Paul's Internet Landfill/ 2020/ Slow Pandemic

Slow Pandemic

We have gotten used to things happening fast. Moore's law means computers are getting faster and faster. We have videophones now, and brain interfaces, and telescreens that monitor our loyalty to Big Brother. Our startup culture obsesses over growth and scaling. The costs for solar panels and wind power have dropped dramatically.

This pandemic came on fast. In February I was scoffing at it and comparing it to the flu; in March I was terrified. Now it seems as if we have gotten past the exponential curve, and the growth and decline of the pandemic seems more linear (at least in Canada).

Now we are in a weird mix of adjusting to the new reality and trying to get our routines back together. Those of us still taking the pandemic seriously are socially/physically distancing, wearing masks in public like risible freaks, and biding our time. What are we waiting for? The vaccine, of course. The vaccine will make this all go away so that we can take off our masks and slobber on each other again.

How long will we wait? 15 more months? 18? Two years? Two years seems like an infinity of time away, but (if I remember correctly) nobody has developed a vaccine faster than four years. We might get lucky (there is a lot of human ingenuity going into this problem) but we might not.

Let's think back to World War II. Even a historical ignoramus like me knows that it started in 1938 and ended in 1945. That was well before I was born, so as far as I am concerned that was a mere blip of history. But it was seven years. The Great Depression started in 1929 and lasted until WWII, which was nine years. That is a long, long time to deal with greater suffering than we face in this pandemic today. Can you imagine living in semi-lockdown for seven years?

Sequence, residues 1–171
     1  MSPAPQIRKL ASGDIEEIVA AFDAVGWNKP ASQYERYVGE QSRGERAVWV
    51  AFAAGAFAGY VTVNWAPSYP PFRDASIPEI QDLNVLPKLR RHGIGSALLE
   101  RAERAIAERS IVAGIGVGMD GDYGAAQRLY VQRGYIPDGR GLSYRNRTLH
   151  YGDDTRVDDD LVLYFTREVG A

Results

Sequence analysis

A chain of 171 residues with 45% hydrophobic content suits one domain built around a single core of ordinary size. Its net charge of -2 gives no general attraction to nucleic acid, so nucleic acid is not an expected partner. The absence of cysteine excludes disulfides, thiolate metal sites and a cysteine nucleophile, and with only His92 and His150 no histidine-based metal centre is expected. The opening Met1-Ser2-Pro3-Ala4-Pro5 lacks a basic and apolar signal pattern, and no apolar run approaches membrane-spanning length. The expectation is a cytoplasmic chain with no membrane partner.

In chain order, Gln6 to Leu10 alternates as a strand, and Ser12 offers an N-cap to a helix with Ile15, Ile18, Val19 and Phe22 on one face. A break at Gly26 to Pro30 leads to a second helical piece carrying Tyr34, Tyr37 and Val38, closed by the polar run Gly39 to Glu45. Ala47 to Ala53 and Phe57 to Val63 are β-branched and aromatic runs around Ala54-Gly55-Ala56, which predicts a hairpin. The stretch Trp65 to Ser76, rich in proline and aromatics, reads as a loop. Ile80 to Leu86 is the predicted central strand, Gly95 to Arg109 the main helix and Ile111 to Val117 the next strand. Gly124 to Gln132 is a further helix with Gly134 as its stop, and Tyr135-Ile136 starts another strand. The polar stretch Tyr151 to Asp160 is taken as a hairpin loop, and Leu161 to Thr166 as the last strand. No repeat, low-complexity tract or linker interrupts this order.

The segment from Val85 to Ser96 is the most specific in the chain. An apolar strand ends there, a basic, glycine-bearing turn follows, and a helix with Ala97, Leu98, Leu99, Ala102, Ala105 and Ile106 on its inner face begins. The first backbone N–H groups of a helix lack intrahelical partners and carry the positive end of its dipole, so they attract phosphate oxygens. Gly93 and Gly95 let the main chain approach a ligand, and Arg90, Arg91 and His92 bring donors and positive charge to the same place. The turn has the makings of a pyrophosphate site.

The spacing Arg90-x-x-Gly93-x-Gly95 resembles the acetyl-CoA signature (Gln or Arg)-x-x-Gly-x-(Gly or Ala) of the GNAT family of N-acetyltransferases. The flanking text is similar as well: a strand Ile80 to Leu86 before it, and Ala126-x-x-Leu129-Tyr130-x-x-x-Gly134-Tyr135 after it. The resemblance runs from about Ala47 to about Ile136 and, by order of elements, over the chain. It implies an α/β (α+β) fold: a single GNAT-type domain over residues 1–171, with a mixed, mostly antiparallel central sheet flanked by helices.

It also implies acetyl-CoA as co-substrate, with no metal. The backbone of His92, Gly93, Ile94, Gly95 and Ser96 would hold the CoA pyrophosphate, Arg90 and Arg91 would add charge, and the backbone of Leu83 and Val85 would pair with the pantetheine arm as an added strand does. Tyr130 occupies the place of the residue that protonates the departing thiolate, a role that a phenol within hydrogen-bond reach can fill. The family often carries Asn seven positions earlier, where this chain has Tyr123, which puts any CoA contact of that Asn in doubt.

We might get lucky in other ways. Maybe we will find treatments for COVID19 that will reduce its severity so that it is not much worse than the aforementioned flu. Maybe we will complete the panopticon and nobody will get sick because our every interaction will be tracked by altruistic contact-tracers (and never ever by the police or government officials looking to quash dissenters). Maybe there will be some other miracle. But what if there isn't?

Our culture seems to have taken accelerating change for granted. I think many of us assume this will be over in 18 months, because how could it not be? But maybe it won't. Then what? Maybe we accept that lots of people will get this disease and be permanently disabled, and decide to let COVID19 runs its course. Maybe we get desperate and start waging war. Maybe we find some uneasy compromise with the virus. Maybe the next pandemic comes along to wreak havoc before this one has burned itself out. There are lots of possibilities, but I am not sure we are prepared to deal with any of them.